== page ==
I also felt a connection when I read about his postcard collection and his love of photography. I love these things too, and we have a similar (i.e., the same) interest in subjects. As I read through the book, more than once I said to anyone who was listening, “Me too! I do that too! How in the world did I not know of him before?!” Like I said, it’s a shame I didn’t.
The chapters of this book take the reader on an authentic roadside journey through the midcentury America that existed before the interstates. All of it through Baeder’s unique eye – his thoughtful, creative, unique eye – and his mega-talented ability to preserve these moments of our history. Photography and photographers, especially of the documentary genre, along with color-saturated linen postcards inspired Mr. Baeder, but his “respect for the culture of the common folk” is, in my opinion, what elevates his paintings in the hearts and minds of viewers.
“Baeder was concerned with “the humanistic implications of roadside architecture.”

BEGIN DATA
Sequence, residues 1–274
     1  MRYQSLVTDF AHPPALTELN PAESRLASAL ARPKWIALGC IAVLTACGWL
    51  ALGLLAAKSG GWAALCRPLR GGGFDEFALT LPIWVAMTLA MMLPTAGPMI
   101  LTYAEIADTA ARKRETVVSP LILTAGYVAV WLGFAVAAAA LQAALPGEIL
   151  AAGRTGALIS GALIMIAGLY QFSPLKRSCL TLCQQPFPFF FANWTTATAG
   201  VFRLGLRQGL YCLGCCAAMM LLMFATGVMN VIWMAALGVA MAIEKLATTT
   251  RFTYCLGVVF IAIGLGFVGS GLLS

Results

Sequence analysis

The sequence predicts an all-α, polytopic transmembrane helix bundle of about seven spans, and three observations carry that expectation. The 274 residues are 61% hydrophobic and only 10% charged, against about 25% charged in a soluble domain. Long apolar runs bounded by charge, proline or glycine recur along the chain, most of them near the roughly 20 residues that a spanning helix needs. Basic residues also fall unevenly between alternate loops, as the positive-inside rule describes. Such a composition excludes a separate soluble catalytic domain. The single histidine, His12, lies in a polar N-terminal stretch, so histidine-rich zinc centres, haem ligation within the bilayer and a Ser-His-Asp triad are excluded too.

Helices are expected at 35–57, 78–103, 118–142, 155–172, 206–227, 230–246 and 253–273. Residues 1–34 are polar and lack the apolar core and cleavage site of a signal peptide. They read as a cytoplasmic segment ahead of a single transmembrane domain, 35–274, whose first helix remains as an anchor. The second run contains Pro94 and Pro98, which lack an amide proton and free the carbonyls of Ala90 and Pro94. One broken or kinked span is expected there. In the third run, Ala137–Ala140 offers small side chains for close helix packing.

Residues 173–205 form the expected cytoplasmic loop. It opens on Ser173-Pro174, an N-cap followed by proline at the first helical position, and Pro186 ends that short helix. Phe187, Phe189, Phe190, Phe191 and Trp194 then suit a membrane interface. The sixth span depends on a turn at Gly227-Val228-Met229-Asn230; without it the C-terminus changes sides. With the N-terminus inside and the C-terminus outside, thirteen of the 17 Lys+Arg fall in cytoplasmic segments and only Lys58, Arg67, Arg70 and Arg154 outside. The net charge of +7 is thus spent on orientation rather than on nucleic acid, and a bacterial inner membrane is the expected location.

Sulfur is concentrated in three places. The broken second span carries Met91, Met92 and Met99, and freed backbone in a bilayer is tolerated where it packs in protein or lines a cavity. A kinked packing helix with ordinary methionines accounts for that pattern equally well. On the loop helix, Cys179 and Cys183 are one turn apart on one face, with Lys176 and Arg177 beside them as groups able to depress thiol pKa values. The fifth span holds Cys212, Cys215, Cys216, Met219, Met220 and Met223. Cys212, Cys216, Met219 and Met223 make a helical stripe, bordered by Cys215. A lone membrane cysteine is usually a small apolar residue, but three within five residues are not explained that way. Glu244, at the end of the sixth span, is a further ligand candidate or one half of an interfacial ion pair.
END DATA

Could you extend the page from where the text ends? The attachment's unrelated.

It’s a simple explanation, but true. When I see the paintings I feel this. It’s exactly what makes them so special and what makes me feel so attached to them.
The largest section of the book is of course devoted to the diners. John Baeder started the diner preservation trend in the late 70’s when he drew attention to diner history with his paintings. He became an expert in diner culture when he crossed the country on “diner hunts” that were meant to inspire his art. He “created paintings that enshrined diner values,” says Williams. “He was very interested in their place in American culture.” There are well over a hundred of Baeder’s diner paintings in this book. Every time I stop and look at one I see something I didn’t see before. The detail, lighting, sharpness in each image amazes me.